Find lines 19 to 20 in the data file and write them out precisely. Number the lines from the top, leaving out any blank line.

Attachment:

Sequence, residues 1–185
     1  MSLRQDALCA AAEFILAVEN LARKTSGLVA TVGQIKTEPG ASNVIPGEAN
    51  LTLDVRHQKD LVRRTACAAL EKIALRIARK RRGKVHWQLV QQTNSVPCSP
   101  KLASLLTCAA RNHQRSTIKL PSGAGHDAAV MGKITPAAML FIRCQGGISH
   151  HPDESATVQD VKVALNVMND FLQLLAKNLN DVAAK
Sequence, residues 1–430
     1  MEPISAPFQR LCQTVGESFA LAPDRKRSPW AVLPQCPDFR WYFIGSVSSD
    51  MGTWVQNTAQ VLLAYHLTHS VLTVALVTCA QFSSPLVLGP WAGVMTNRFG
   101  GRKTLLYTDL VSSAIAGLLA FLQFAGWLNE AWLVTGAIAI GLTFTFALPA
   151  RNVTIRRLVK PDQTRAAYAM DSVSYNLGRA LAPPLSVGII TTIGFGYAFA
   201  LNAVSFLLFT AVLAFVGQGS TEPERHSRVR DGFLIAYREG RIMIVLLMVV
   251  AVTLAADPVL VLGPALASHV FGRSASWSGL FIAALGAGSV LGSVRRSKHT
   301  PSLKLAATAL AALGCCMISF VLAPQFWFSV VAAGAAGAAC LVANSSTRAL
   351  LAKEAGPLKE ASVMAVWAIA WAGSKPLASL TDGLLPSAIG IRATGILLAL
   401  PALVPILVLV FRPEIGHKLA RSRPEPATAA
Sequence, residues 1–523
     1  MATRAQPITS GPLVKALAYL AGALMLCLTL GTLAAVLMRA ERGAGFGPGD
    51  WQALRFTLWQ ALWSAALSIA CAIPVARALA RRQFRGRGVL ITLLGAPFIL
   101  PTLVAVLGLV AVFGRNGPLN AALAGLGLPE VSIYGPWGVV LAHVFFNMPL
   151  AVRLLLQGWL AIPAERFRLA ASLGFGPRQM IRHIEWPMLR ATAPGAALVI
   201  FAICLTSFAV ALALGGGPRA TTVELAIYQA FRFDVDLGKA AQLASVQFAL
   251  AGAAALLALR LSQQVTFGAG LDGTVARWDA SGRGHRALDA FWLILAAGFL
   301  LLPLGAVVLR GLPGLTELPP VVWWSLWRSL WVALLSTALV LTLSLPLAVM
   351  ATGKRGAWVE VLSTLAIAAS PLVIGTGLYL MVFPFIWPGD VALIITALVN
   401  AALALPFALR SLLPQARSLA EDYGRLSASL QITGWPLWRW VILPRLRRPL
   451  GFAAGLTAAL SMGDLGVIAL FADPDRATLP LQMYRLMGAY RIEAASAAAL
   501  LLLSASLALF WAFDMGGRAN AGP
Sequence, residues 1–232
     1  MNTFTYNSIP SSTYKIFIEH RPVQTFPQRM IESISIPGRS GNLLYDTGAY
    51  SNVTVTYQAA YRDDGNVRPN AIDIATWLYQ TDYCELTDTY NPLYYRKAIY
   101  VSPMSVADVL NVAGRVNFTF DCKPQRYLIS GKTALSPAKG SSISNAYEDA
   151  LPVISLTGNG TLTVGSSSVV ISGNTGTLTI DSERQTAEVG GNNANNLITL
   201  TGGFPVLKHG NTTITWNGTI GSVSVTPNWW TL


   101  PTLVAVLGLV AVFGRNGPLN AALAGLGLPE VSIYGPWGVV LAHVFFNMPL
   151  AVRLLLQGWL AIPAERFRLA ASLGFGPRQM IRHIEWPMLR ATAPGAALVI